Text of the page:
Afghanistan: No Good News For India

Afghanistan: No Good News For India

by Rajiv Jayaram - Tuesday, August 4, 2015 03:00 PM IST
Afghanistan: No Good News For India

Will Mullah Mansour, Mullah Omar’s successor, be able to match up to his predecessor’s status? His audio message makes two things clear: goals of preserving unity, and establishing an Islamic state.

The day the Afghan Taliban confirmed the death of their Amirul Momineen, (commander of the faithful), a former Afghan intelligence chief told BBC World Service radio: “Mullah Omar was no Che Guevara, no Fidel Castro, no Ahmad Shah Massoud, or even no Nelson Mandela”.

No doubt about that. And their new leader Mullah Akhtar Mansour even less so.

The Western media’s projection of Mullah Omar was always a half-truth: the one-eyed spiritual leader had turned a band of religious students into a movement that seized control of most of Afghanistan.

There is nothing peculiar in this, except that Mullah Omar owes every bit of his group’s rise and existence to Pakistan.

After giving up on Gulbuddin Hekmatyar of Hizb-i-Islami, the Pakistani establishment mounted a fresh effort to pick another horse in Afghanistan. Instinct led it to two famous Maulanas: the leaders of two rival factions of the Jamiat Ulema-e-Islam party, Fazlur Rahman and Samiul Haq. They were both standing on the nexus of a jihadi conglomerate and mainstream politics.

Afghanistan: No Good News For India

Mullah Akhtar Mansoor

The Taliban brainwave of the Maulanas was quickly accepted by Rawalpindi. Samiul Haq, the head of the famous Darul Uloom Haqqania madrassa in Khyber-Pakhtunkhwa’s Akora Khattak, played a critical role in pitchforking Mullah Omar to the Taliban’s apex.

The mullah-military coordination intensified between 1994 and 1996.

Between 1994 and 1996, the Pakistani Army and the ISI got busy. They digged into their vast pool of resources to fund, train, arm, and give intelligence support to hordes of semi-literate (more precisely, illiterate for all intends and purposes of the modern world) Taliban. They helped slip them across the Durand Line. Among them was Maulana Omar, the chosen one. The Maulanas, for their part, got on with recruitment and fund-raising business.

This was the period of Benazir Bhutto’s second government (1993-96). Her loudmouth Interior Minister Naseerullah Babar was the pivot within the administration. Early in her tenure, Benazir Bhutto rewarded Maulana Fazl with the post of chairman of the National Assembly’s Foreign Affairs Committee for political support. Maulana Samiul Haq always enjoyed gravity as the head of Darul Uloom Haqqania.

Though he was a creation of Pakistan, Mullah Omar proved to be an intractable client once he conquered Kabul in 1996 and Mazar-i-Sharif in 1998 amid much bloodshed.

He was wont to defy Pakistan (notably, by dynamiting the Buddhas of Bamiyan, and after 9/11). He was responsible for every action of the Taliban since 1996. Yet, it was a testament to the spiritual title he held that he could control everything from his Kandahar compound passing on commands, as folklore has it, scribbled at times on crumpled cigarette packets.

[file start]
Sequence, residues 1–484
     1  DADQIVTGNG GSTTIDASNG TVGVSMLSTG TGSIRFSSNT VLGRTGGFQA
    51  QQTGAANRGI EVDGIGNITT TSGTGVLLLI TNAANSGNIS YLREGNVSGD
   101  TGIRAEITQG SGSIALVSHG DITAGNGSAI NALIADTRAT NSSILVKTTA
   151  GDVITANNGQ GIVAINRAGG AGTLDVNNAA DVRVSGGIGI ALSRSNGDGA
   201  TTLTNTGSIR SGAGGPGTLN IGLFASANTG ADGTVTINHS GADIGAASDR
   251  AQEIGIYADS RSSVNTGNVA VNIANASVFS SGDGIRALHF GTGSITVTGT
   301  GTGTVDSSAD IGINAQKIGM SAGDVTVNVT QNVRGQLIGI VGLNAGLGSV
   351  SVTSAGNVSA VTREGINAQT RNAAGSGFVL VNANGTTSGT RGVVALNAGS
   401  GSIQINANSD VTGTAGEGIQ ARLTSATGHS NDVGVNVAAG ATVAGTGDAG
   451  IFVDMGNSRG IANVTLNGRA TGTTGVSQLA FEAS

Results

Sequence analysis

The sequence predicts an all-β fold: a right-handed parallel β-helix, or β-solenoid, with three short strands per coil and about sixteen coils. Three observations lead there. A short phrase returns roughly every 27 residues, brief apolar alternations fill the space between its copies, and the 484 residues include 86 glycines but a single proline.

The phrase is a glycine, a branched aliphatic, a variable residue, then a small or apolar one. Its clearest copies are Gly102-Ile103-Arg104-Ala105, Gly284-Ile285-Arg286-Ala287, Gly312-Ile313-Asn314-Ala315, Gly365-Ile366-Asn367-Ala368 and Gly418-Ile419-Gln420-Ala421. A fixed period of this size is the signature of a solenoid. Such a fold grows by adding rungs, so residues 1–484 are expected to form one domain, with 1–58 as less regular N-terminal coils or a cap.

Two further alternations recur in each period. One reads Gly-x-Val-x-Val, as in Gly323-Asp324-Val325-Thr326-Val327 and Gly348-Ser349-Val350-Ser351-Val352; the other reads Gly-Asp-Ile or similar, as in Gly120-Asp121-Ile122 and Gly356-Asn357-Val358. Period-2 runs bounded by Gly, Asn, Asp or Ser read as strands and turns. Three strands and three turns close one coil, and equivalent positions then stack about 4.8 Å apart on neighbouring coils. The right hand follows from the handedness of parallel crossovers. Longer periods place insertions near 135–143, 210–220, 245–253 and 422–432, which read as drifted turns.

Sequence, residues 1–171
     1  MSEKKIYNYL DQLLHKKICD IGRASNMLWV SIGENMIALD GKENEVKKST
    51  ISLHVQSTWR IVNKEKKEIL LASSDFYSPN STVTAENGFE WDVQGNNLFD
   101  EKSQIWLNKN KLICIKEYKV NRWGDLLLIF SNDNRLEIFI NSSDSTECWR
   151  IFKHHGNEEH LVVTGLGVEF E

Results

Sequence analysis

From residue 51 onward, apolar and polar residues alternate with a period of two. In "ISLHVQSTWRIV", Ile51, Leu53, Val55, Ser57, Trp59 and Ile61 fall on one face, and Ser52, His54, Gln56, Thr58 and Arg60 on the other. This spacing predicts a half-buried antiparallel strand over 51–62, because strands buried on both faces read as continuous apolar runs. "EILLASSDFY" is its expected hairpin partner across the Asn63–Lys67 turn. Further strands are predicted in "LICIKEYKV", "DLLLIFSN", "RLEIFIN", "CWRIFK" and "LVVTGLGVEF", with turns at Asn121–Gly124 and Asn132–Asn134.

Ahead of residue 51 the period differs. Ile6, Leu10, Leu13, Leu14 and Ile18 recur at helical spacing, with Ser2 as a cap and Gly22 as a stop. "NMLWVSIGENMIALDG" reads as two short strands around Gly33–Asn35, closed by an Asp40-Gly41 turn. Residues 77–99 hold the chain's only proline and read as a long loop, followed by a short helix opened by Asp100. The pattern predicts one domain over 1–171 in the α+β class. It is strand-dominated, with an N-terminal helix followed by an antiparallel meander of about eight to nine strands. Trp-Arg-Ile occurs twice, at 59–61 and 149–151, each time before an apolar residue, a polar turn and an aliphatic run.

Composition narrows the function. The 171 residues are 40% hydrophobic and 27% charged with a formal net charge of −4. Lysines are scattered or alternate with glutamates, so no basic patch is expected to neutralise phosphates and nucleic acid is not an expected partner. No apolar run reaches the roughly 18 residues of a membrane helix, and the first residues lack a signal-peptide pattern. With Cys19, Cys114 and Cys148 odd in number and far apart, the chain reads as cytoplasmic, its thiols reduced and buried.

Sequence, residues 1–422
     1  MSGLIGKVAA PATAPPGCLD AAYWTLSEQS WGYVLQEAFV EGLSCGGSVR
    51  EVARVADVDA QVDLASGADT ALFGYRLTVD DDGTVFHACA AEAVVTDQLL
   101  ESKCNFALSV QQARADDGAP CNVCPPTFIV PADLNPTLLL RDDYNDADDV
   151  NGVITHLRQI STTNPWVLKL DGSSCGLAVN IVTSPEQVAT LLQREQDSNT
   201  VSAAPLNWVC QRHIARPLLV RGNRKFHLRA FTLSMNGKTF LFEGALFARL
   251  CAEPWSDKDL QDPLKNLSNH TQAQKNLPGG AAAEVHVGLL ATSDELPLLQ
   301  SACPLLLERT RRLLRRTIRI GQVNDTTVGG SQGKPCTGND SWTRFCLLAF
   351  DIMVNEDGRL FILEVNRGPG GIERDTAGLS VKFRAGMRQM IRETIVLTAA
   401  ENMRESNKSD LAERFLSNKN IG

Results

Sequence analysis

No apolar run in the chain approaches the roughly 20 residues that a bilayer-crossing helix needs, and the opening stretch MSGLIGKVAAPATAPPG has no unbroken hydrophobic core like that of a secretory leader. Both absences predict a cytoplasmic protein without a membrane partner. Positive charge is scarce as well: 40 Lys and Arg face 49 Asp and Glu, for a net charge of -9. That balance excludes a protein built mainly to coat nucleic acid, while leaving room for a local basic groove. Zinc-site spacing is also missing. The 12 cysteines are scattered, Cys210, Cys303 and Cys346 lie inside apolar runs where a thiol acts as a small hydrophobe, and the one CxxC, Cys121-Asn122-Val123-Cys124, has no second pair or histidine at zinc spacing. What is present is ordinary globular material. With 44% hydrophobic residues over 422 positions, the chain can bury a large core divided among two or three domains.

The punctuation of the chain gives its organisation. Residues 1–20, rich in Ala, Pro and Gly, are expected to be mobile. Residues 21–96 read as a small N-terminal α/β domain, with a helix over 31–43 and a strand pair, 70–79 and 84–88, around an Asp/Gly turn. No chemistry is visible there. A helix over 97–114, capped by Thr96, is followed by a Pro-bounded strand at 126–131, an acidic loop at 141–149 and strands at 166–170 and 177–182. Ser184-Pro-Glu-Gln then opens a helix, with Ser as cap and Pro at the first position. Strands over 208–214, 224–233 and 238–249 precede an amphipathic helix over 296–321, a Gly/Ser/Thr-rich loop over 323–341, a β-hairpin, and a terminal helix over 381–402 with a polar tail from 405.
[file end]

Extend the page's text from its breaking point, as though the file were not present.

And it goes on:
Will Mullah Mansour, Mullah Omar’s successor, be able to match up to his predecessor’s status? His audio message makes two things clear: goals of preserving unity, and establishing an Islamic state.

Both goals are fraught.

Though Mansour was effectively commanding the Taliban since Omar’s death in April 2013, fissures have developed in the top leadership over who should succeed him.

His appeal for unity came a day after Omar’s son, Yacoob, termed Mansour’s election as cliquish and unacceptable. After eclipsing the Al-Qaeda in much of West Asia, the Islamic State’s spreading wings in Afghanistan is a looming challenge.

Lacking Omar’s authority holding it together, the Taliban could simply fragment if more and more disgruntled elements join the Islamic State.

His stress on carrying on jihad was followed by the Taliban’s pull out of peace talks between them and the Kabul government facilitated by Pakistan. After NATO and US troops ended their combat mission late last year, the Taliban had been sensing victory with the capture of swathes of territory in the country’s east and south, and had been brazen in attacking Kabul, as the one on parliament in June showed.

All bets will be off if the Taliban splinter and cede ground to the Islamic State. Mindful of their heavy investment on the Taliban, especially the Quetta-based Haqqani network, Pakistanis won’t like it at all.

In a bid to keep the flock and its profile intact, Sirajuddin Haqqani was promptly named the deputy to Mansour. It is a move tied to keep the cash flow from the Haqqanis’ wealthy donors open and present a semblance of unity. Nevertheless, it will still be a precarious show of unity.

Now we know that Mullah Omar is dead, but the objective of “disrupting, dismantling, and defeating Al Qaeda and its extremist allies”, as President Barack Obama stated in December 2009 West Point address, is getting ever more harder

There is not much good news for India in all this. We can only assume our interests in Afghanistan will come under more ferocious assaults.

The author is a New Delhi-based journalist. Email:

Rajiv is a New Delhi-based journalist.
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